Carbon dioxide hits 3 million year high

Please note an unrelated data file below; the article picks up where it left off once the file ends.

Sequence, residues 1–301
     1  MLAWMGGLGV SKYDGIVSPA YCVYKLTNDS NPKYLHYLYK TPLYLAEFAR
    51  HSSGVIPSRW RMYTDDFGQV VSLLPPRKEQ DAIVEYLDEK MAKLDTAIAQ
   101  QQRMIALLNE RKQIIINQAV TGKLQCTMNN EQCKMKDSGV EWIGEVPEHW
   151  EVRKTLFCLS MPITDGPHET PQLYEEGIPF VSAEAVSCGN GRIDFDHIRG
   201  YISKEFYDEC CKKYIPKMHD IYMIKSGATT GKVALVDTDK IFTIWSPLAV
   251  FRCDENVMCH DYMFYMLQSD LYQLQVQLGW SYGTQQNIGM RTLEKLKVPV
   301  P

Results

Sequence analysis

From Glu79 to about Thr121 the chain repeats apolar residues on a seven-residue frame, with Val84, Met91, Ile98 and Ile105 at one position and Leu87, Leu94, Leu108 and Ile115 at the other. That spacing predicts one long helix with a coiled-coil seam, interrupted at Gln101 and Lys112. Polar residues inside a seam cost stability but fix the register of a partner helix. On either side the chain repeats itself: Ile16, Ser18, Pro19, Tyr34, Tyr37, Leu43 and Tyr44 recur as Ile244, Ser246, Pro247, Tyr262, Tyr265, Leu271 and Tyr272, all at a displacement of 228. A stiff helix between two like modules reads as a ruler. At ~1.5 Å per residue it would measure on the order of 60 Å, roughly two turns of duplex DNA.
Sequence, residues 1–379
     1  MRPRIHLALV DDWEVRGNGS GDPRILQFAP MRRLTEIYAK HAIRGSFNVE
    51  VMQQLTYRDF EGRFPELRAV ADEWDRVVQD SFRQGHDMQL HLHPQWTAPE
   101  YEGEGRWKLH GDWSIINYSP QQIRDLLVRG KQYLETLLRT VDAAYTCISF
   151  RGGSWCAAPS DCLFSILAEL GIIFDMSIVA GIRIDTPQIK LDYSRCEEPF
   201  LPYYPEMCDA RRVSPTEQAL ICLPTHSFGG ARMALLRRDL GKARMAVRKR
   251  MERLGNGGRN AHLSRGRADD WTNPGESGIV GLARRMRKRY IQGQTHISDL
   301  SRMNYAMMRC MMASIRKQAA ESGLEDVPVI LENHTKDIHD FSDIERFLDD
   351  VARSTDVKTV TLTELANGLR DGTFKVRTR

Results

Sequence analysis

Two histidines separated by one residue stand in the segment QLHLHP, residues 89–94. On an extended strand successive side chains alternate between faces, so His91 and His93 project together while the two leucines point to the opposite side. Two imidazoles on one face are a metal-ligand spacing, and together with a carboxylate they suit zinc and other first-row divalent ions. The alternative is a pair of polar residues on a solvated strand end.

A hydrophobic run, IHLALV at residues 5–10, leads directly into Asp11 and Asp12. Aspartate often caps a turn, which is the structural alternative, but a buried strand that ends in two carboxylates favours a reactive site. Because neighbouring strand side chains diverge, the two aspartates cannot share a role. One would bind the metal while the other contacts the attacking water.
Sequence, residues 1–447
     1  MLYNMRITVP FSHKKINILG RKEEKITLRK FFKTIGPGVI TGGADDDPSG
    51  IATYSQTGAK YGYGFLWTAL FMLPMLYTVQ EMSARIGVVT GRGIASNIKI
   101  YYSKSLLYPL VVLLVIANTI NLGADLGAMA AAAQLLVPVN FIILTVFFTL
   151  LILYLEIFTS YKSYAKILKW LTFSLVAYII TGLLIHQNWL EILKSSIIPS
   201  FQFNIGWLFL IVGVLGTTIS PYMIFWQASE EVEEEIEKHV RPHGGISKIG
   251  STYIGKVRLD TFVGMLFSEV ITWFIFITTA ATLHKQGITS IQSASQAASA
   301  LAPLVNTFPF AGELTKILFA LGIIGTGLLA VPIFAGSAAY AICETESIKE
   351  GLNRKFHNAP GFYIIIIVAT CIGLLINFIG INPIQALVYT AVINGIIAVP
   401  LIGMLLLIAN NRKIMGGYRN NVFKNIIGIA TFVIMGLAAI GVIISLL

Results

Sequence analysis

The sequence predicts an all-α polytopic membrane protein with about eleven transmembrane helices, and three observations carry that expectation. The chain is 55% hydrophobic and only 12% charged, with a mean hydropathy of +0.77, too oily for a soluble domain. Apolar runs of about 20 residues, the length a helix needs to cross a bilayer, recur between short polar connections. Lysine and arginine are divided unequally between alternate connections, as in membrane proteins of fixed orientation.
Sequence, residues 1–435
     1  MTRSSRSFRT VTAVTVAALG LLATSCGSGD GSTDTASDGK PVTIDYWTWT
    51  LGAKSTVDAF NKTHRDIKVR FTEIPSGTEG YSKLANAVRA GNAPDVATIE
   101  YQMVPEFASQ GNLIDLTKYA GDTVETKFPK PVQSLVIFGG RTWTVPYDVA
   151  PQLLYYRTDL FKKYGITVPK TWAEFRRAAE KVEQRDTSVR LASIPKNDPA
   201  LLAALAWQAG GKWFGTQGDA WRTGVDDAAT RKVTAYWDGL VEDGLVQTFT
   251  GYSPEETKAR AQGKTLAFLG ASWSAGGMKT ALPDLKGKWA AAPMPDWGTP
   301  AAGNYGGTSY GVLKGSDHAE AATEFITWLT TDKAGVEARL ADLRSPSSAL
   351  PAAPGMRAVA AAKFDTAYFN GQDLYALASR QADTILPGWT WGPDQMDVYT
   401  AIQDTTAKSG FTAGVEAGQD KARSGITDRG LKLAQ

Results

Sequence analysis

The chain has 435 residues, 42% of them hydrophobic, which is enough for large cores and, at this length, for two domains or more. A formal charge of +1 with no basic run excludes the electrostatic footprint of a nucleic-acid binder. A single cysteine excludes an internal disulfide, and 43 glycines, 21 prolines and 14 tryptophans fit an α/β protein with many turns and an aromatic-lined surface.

Atmospheric levels of carbon dioxide (CO2) have hit a new threshold that hasn't been seen in at least the last 3 million years. In 2015, global average temperatures were 400 parts per million (ppm), but increased to 403.3 ppm in 2016 — caused by emissions from human activities and in parallel with a strong El Niño event in 2015/2016. The data, collected by the World Meteorological Organisation's (WMO) Global Atmosphere Watch program, indicate that atmospheric CO2 levels are now 145 percent higher than pre-industrial levels, while methane and nitrous oxide are sitting at 257 percent and 122 percent, respectively. The contribution to the record-breaking increase from El Niño is unknown, as the event triggers droughts that reduce the ability of natural carbon sinks like forests and oceans to absorb CO2. To find out more check out The State of Greenhouse Gases in the Atmosphere Based on Global Observations through 2016.